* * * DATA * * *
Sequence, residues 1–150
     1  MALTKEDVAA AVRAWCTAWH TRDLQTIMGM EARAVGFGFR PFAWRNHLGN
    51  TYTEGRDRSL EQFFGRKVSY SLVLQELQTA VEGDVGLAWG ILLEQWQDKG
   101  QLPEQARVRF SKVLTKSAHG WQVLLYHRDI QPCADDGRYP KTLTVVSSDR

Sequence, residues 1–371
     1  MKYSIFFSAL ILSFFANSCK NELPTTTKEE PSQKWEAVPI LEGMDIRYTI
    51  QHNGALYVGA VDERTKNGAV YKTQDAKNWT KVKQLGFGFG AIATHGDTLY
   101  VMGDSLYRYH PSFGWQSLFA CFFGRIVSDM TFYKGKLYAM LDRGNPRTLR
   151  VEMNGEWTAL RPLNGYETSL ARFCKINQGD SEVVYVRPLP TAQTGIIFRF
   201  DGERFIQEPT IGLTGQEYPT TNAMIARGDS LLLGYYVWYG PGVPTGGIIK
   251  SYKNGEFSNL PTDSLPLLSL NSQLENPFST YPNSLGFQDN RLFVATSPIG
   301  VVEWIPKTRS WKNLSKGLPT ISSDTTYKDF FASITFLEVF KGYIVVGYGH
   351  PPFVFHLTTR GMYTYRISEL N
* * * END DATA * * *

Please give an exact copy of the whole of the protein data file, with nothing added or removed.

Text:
Sequence, residues 1–150
     1  MALTKEDVAA AVRAWCTAWH TRDLQTIMGM EARAVGFGFR PFAWRNHLGN
    51  TYTEGRDRSL EQFFGRKVSY SLVLQELQTA VEGDVGLAWG ILLEQWQDKG
   101  QLPEQARVRF SKVLTKSAHG WQVLLYHRDI QPCADDGRYP KTLTVVSSDR

Sequence, residues 1–371
     1  MKYSIFFSAL ILSFFANSCK NELPTTTKEE PSQKWEAVPI LEGMDIRYTI
    51  QHNGALYVGA VDERTKNGAV YKTQDAKNWT KVKQLGFGFG AIATHGDTLY
   101  VMGDSLYRYH PSFGWQSLFA CFFGRIVSDM TFYKGKLYAM LDRGNPRTLR
   151  VEMNGEWTAL RPLNGYETSL ARFCKINQGD SEVVYVRPLP TAQTGIIFRF
   201  DGERFIQEPT IGLTGQEYPT TNAMIARGDS LLLGYYVWYG PGVPTGGIIK
   251  SYKNGEFSNL PTDSLPLLSL NSQLENPFST YPNSLGFQDN RLFVATSPIG
   301  VVEWIPKTRS WKNLSKGLPT ISSDTTYKDF FASITFLEVF KGYIVVGYGH
   351  PPFVFHLTTR GMYTYRISEL N